Managers and Leaders: there could not be a more discussed topic! All you need to do is google these two words to see how many thousands of pages are being written in and around them.
The reason, in my opinion, is because true and authentic leadership is very difficult to achieve.
Yet, organisations are asking their managers to think and act like leaders in order to address the challenges and embrace the opportunities that come from the complex world we live in.
Personally I believe that leadership qualities can be developed and nurtured through self-awareness, self-reflection and on-going feedback.
They can be also reinforced through role-modelling and mentoring support. In summary, and to a great extent, they can be learnt.
But where might one start on his or her leadership journey? Which actions are going to provide the greater impact in the shortest of times?
In my opinion, apart from achieving even greater self-awareness, most impactful actions will be those that involve building relationships and achieving the trust of the people around you. For that to happen, few simple steps can make a whole world of difference:
#1 Harness Positive Emotions
Whoever said that emotions have no place in the workplace has clearly overlooked the impact that expressing positive feelings can have on people. Empathy, laughter, joy, optimism, encouragement are just some of the emotions I am thinking of that can help create a totally different difference workplace experience to the people you manage. When we open up to these emotions we show our 'human' side and at the same time encourage others to do the same. There is plenty of evidence that happy people are more productive people, thus sharing a joke, celebrating a success or even a colleague's out of work achievement can make the difference to a team's ability to deliver on a daily, weekly and annual basis. It is not by chance that most successful leaders are also highly emotional intelligent: they know full well that success at work starts (and finishes) with the people who are supposed to execute their vision and they harness positive emotions to motivate and uplift others.
#2 Ask insightful questions
As managers focussing on a task we are required to tell people what to do so that we may achieve that task on time and to budget. But when managers stop telling staff what to do and start asking staff what they thing they should be doing, something quite different begins to happen. All of a sudden the tables are turned and colleagues realise that their opinion matters; that they are trusted to make good decisions; that they are empowered as to what should be prioritised...in short, that they are accountable and have ownership of their work. The impact of this can leave you astounded and certainly as a manager, wondering why you had not done it before. As a manager you are going to find yourself with a lot more time to focus on the really important tasks. You are also going to find that solutions, different perspectives and new ideas are brought to you on a regular basis, just because other colleagues have been given the opportunity to contribute their own views. So simple yet ever so powerful!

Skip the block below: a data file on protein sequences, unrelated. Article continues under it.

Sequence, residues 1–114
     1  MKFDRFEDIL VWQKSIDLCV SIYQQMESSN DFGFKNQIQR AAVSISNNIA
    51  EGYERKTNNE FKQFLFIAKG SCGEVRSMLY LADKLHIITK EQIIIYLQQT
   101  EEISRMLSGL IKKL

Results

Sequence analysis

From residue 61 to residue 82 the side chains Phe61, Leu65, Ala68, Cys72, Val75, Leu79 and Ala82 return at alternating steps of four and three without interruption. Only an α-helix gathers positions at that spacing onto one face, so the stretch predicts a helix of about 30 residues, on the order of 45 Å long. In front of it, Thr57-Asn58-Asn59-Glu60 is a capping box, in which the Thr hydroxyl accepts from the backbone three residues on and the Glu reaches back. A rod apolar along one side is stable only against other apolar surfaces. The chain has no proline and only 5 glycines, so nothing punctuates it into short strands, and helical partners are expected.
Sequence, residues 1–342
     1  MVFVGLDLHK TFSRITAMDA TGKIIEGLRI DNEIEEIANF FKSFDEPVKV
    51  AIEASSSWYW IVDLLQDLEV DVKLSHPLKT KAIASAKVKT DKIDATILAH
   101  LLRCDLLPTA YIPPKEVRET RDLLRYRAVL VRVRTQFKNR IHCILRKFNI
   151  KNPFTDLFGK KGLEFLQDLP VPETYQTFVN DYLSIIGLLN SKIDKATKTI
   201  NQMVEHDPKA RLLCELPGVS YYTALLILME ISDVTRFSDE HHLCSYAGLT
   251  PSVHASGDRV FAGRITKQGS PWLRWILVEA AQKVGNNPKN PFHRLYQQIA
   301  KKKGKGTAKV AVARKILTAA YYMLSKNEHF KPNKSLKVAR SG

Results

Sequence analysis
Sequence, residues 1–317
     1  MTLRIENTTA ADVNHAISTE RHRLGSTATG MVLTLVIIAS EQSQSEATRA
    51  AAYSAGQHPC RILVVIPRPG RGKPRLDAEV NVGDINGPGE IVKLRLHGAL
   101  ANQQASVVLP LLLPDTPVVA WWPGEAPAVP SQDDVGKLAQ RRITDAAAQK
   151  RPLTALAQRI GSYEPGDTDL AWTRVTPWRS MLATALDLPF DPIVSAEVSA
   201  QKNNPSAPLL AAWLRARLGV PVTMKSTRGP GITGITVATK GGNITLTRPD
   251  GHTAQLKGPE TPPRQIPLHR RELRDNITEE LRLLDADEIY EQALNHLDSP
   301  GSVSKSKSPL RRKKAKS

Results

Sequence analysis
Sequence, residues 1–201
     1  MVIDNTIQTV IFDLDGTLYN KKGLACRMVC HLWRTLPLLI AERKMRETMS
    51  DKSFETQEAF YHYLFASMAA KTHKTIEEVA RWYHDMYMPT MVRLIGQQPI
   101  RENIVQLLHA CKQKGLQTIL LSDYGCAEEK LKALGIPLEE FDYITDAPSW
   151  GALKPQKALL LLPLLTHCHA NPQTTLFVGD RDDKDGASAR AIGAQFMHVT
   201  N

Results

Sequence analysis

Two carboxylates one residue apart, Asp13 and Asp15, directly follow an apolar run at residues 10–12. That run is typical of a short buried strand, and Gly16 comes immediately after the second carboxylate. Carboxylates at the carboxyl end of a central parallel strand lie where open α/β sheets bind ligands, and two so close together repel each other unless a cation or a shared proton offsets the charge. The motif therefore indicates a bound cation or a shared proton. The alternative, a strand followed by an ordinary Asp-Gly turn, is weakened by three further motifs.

#3 Invite feedback from others
Feedback is one thing that authentic leaders do well - it remains very important as well as a courageous thing to do because it implies a number of other qualities. More specifically, it means that the manager is willing to listen, reflect and learn from others which in itself are already leadership attributes!
Feedback matters because it is through feedback that we show a willingness to dig deeper into ourselves, taking a closer look at aspects of our personality and our work, even when this causes discomfort. It also matters because it helps us create a culture of open and transparent communication where nobody or nothing is untouchable. In inviting feedback we also confirm our intent to remain humble and grounded - even though we may sit relatively high in the 'pecking order'.
Above all, by inviting feedback we send an important message to the people around us, that their views matters and that learning is an on-going, never ending process we all need to embrace.
Alessandra is an experienced mentor, business coach, consultant and strategist. She supports individuals - especially women - and organisations in achieving their potential through customised, outcome driven interventions . You can find out more about Alessandra here and contact her by email here.